May 24, 2021

All kids deserve to have recess next school year

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All kids deserve to have recess next school year 1

As school leaders, educators, and families think ahead to the new school year, they are faced with tremendous challenges to ensure school experiences are safe for kids. They have a critical role in creating the conditions needed to help kids recover from lost learning and the trauma caused by the pandemic, especially for families in low-income or socially vulnerable communities.

Along with parents, there is a shared understanding among educators, school leaders, researchers, and child psychologists that the 2021-2022 school year will be critical in shaping kids’ experiences and the adults they become. One important decision that will be crucial to these two factors in the new school year and that many schools now face is whether they will or will not have recess next year.

Part of the challenge in making this decision is that schools don’t know where to turn for guidance. The Centers for Disease Control and Prevention (CDC) has not provided official guidance to schools specifically about recess. The CDC does, however, recommend outdoor activities, “cohorting” groups of students, mask wearing, and physical distancing—all of which are possible during recess. Most state departments of health or education also have not provided guidance to schools about recess. Some states have mandates of minimum number of minutes for recess, so schools and districts have to figure out for themselves how to host recess safely that ensures quality, COVID-safe recess experiences. And at other schools, recess may not have been part of the regular school day before the pandemic, so getting back onto the playground might feel especially daunting.

The Many Benefits of Recess

Recess is a critical time in the school day, and all kids deserve to experience it next year. A growing body of research supports the physical, social, and emotional benefits kids get from playing at recess.

“Play allows children to use their creativity while developing their imagination, dexterity, and physical, cognitive, and emotional strength,” says the American Academy of Pediatrics. “Play allows children to create and explore a world they can master, conquering their fears while practicing adult roles.”

A big focus for educators now is how they will build social connections with and among kids. Play can create opportunities for kids and adults to feel emotionally and physically safe so that they can develop strong relationships and build healthy communities. According to researchers, recess can be the foundation to helping kids recover from trauma and learning loss. Many parents agree, as over the past year, they have prioritized the purpose of education differently—from primarily building academic skills to supporting social-emotional development as well.

How to Create COVID-safe Recess

The good news is that it isn’t hard to create a COVID-safe environment for recess—it just takes intentionality and planning. Playworks, a national nonprofit leveraging the power of play to bring out the best in every kid, offers free tools, COVID-safe games, and resources to support school leaders and educators as they reintroduce in-person recess. Here are some examples:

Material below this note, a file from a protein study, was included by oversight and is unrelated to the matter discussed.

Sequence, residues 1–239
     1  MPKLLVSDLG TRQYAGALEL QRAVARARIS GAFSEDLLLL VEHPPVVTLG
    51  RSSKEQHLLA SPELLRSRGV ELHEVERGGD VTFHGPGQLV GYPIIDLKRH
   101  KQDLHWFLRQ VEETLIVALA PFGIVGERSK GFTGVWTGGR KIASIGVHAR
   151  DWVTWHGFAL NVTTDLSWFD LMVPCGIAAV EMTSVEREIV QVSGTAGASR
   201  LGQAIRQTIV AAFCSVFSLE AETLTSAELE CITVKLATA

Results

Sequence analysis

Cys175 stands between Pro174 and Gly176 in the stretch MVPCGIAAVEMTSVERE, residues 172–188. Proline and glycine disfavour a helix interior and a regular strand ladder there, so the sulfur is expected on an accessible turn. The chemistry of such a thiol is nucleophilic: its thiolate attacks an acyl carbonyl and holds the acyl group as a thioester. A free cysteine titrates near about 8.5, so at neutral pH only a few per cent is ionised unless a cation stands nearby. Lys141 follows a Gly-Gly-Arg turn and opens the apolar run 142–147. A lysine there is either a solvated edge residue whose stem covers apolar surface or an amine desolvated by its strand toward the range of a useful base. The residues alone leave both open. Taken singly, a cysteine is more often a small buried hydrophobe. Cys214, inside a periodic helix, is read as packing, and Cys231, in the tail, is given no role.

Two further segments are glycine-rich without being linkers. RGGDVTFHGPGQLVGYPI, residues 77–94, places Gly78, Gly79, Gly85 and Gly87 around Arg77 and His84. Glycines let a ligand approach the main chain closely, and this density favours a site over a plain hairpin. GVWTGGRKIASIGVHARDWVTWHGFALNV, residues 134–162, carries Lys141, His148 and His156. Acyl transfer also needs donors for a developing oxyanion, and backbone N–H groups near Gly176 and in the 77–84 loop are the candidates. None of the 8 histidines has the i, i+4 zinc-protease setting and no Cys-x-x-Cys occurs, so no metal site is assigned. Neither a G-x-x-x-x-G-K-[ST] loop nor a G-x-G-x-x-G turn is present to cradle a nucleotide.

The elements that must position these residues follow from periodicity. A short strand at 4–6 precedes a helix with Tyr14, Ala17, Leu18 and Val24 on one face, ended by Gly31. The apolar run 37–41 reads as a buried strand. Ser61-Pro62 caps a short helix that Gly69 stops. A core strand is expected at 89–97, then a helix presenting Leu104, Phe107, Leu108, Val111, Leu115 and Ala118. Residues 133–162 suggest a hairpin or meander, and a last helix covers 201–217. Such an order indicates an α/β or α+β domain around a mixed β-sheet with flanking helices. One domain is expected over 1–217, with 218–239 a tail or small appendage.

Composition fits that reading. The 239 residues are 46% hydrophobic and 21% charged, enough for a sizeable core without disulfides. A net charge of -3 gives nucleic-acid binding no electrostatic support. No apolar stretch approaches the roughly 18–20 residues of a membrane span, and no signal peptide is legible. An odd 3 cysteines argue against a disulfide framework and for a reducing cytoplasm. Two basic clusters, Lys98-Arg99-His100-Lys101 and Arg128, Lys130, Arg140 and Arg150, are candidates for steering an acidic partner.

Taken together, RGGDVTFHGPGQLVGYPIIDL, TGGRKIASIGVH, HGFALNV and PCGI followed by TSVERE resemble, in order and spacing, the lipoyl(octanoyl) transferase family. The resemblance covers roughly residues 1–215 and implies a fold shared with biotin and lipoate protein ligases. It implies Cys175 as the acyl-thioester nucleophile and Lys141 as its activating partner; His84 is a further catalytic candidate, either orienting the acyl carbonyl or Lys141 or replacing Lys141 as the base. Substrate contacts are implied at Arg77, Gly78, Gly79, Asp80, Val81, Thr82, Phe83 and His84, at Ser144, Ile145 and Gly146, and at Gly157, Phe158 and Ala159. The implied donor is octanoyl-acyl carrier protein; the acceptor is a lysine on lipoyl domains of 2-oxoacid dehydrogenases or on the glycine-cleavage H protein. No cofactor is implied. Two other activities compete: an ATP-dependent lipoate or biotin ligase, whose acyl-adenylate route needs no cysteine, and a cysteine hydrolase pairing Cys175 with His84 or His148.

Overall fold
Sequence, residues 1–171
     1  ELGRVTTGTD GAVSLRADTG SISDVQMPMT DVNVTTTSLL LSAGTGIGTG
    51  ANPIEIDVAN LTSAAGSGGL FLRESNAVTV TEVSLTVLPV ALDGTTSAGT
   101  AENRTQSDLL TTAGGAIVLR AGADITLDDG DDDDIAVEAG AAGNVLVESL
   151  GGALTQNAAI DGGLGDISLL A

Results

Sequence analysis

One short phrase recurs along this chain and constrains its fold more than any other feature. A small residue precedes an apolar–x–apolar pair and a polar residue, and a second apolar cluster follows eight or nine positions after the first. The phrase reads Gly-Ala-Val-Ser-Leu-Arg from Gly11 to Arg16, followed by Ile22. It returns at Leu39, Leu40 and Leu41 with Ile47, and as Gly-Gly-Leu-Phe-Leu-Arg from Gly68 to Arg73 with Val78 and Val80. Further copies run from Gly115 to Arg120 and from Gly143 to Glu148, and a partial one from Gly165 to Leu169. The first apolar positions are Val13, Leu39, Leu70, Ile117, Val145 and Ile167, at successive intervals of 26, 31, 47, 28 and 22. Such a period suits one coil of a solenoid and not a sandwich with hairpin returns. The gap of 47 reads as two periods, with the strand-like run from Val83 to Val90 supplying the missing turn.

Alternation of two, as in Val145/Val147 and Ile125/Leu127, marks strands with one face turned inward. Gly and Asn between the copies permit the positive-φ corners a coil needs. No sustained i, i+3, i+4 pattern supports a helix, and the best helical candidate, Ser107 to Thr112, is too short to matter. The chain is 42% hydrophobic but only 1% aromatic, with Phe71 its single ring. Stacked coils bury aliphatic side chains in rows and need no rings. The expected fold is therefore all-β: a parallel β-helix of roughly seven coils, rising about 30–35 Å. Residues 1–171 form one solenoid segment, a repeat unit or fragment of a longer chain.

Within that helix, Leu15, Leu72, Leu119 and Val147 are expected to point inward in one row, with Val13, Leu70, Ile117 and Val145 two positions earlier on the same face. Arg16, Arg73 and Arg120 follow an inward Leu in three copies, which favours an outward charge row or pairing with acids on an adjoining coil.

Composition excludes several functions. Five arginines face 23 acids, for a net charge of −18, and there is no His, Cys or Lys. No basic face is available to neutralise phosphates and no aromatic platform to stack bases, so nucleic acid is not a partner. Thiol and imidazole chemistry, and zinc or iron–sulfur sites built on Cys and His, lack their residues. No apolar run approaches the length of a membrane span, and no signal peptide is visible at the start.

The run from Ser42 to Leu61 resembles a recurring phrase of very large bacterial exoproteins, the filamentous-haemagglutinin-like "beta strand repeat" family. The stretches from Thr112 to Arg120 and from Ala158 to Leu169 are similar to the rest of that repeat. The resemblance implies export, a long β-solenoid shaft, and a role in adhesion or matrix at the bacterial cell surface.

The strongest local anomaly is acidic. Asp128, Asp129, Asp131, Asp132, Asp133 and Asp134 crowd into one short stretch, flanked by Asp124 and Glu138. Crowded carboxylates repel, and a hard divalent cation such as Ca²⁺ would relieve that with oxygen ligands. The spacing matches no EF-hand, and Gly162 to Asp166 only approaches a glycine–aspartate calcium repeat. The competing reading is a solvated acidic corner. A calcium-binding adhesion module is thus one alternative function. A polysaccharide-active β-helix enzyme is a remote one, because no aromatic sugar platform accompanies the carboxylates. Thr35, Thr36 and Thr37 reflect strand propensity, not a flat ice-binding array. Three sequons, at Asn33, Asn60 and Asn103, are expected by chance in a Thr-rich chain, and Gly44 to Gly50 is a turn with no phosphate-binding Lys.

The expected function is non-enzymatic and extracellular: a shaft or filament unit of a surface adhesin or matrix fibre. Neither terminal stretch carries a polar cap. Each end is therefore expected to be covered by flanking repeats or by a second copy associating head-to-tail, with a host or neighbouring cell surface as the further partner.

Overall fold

• Journey around the World:
    • Have the group of students spread out and explain to them that they are going on a journey around the world using motion and creativity.
    • Choose one student to pick the first destination, then ask another student to choose the mode of transportation to get there, such as hopping to Kenya.
    • Have the students act out the mode of transportation in their locations for a few seconds before reaching the destination.
    • Upon “arrival” after a few seconds of the activity, ask a few of the students what there is to see/do while there and act those out accordingly.
    • Ensure every child has an opportunity to provide some input into the journey and let this be as student-driven as possible.
  • Switch:
    • Play on a foursquare court or map a larger space using cones or chalk to make a square and put one cone or X-mark with chalk in the middle. One player stands on each corner and one in the middle.
    • The person in the middle says “switch” to start the game and then all players must find a new corner/cone to occupy. No player can go to the center cone.
    • If two players arrive at the corner at the same time, a quick rock-paper-scissors is played, and the winner stays at the corner. The group tells the person who is less successful “good job” or “nice try” and the student joins the line of other students.
    • The next person in line becomes the person in the middle and begins the next round by saying “switch.”

One key component in the design of a COVID-safe recess is mapping the space. The playground can feature different stations for cohorts to visit until all kids can play together safely at school—using cones, chalk, lines, and more. Indoor space can be mapped too—in classrooms, hallways, auditoriums, and more—to ensure kids can play indoors safely. Playworks’ Safe Return to Play Training and Playworks School Reopening Workbook both feature ways to think creatively about mapping spaces to maximize COVID-safe play.

All kids deserve to have recess next year. The pandemic has established new norms throughout our society, and it presents us with that same opportunity in education. We have an unprecedented chance to prioritize equitable opportunities for play for all kids returning to school next year. Because there isn’t formal guidance and it is left up to each school, we all have a critical role in making safe and fun recess come to fruition for every kid.